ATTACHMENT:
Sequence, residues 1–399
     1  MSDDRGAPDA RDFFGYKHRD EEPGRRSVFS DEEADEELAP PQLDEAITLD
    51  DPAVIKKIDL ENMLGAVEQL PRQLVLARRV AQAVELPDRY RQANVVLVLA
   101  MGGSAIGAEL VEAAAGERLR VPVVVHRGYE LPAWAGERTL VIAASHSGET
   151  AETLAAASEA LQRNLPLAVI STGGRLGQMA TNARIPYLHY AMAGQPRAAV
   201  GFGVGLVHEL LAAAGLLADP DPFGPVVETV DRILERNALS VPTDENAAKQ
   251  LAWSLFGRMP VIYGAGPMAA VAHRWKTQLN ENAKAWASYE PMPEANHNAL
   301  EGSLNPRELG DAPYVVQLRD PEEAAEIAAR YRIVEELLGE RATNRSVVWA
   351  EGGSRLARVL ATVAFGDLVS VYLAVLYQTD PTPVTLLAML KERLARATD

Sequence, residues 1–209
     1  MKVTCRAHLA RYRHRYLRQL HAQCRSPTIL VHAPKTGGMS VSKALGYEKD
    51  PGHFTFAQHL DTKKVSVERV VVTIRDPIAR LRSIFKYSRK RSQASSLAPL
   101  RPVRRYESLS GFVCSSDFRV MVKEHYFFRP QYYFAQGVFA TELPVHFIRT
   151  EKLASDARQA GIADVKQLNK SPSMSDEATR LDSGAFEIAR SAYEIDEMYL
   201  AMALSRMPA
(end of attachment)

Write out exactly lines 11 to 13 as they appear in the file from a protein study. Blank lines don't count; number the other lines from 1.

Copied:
     1  MKVTCRAHLA RYRHRYLRQL HAQCRSPTIL VHAPKTGGMS VSKALGYEKD
    51  PGHFTFAQHL DTKKVSVERV VVTIRDPIAR LRSIFKYSRK RSQASSLAPL
   101  RPVRRYESLS GFVCSSDFRV MVKEHYFFRP QYYFAQGVFA TELPVHFIRT